Economy watch

I’ve said a great deal over the past few years about the inevitable correction that must come in our national and the world’s economies.  Mathematics is a science, not an art.  Put two and two together and you must get four.  If you don’t, it’s not mathematics, but a fraud.  The current economic crisis is the fruit of years – decades – of mismanagement, both political and fiscal.  The chickens are coming home to roost, and even though a large number of them have already arrived, there are far more still on their way.

The latest confirmation comes from the Royal Bank of Scotland.

RBS has advised clients to brace for a “cataclysmic year” and a global deflationary crisis, warning that major stock markets could fall by a fifth and oil may plummet to $16 a barrel.

The bank’s credit team said markets are flashing stress alerts akin to the turbulent months before the Lehman crisis in 2008. “Sell everything except high quality bonds. This is about return of capital, not return on capital. In a crowded hall, exit doors are small,” it said in a client note.

Andrew Roberts, the bank’s credit chief, said that global trade and loans are contracting, a nasty cocktail for corporate balance sheets and equity earnings. This is particularly ominous given that global debt ratios have reached record highs.

“China has set off a major correction and it is going to snowball. Equities and credit have become very dangerous, and we have hardly even begun to retrace the ‘Goldlocks love-in’ of the last two years,” he said.

. . .

RBS first issued its grim warnings for the global economy in November but events have moved even faster than feared. It estimates that the US economy slowed to a growth rate of 0.5pc in the fourth quarter, and accuses the US Federal Reserve of “playing with fire” by raising rates into the teeth of the storm. “There has already been severe monetary tightening in the US from the rising dollar,” it said.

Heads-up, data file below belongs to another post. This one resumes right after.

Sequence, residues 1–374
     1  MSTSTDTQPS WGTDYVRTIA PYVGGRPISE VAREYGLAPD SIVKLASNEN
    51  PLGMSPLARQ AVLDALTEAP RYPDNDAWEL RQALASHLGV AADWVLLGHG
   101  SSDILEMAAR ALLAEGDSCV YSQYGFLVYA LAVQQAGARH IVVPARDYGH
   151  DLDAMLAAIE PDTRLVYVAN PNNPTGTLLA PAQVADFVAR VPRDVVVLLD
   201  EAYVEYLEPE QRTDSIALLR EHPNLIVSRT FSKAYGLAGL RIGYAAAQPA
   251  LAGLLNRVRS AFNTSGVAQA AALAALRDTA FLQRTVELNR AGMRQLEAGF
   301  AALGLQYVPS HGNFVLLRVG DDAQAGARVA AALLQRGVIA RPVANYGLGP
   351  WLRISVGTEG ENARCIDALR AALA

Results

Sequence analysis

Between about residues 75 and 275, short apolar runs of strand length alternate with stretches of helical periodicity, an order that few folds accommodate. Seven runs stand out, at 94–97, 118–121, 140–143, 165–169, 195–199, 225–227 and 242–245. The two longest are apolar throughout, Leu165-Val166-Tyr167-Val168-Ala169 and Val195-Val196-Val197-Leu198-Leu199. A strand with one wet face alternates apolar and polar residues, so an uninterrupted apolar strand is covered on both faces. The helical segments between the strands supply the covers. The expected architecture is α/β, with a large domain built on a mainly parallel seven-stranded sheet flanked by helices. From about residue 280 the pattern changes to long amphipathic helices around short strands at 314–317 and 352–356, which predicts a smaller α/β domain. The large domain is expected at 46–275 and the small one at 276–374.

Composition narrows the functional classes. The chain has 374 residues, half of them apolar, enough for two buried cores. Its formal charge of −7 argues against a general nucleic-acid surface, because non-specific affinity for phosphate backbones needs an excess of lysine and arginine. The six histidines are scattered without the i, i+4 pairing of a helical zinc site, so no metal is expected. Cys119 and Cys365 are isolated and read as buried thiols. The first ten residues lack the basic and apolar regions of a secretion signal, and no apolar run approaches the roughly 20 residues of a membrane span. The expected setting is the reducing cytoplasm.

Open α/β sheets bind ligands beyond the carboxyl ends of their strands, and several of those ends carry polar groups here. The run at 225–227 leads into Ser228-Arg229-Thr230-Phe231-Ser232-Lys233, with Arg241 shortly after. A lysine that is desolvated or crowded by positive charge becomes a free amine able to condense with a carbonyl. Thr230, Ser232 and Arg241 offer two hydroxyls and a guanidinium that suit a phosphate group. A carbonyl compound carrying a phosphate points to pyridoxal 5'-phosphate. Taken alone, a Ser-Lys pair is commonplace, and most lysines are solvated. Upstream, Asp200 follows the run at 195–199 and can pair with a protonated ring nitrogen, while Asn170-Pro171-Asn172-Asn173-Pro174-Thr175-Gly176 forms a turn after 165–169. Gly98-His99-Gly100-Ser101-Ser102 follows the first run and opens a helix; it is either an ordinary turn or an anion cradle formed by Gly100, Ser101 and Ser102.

. . .

RBS said the epicentre of global stress is China, where debt-driven expansion has reached saturation. The country now faces a surge in capital flight and needs a “dramatically lower” currency. In their view, this next leg of the rolling global drama is likely to play out fast and furiously.

. . .

RBS is not alone in fearing trouble. UBS issued what it called a “significant change” to its house view late last week, saying policy chaos in China had unsettled markets … Larry Summers, the former US Treasury Secretary, said it would be a mistake to dismiss the current financial squall as froth. Markets often sense a gathering storm when policy-makers are still asleep at the wheel. He has long argued that the world economy is so far out of kilter that it takes permanent financial bubbles to keep growth going, an inherently unstable structure.

There’s more at the link.

This is playing out in front of our eyes in our own economy.  All the signs are there for those willing to see them.  To name just a few examples:

  • Orders for new heavy trucks (the backbone of goods distribution in the USA) have collapsed;
  • Up to half of all US shale oil drillers may go bankrupt in the face of low oil prices;
  • Puerto Rico has just defaulted on its government-guaranteed debt payments – and several US municipal bond funds are holders of its debt, and therefore affected by this step.

I think the economic unraveling we’ve seen recently is just the harbinger of more to come.  It’s going to be an interesting year.



  1. The ultimate hubris, that a government's budget is fundamentally different in and significant way, shape, or form from the personal or family budgets that we all must deal with.
    Deficit spending and bad business decisions always come due eventually, whether we're talking pennies or trillions of dollars.

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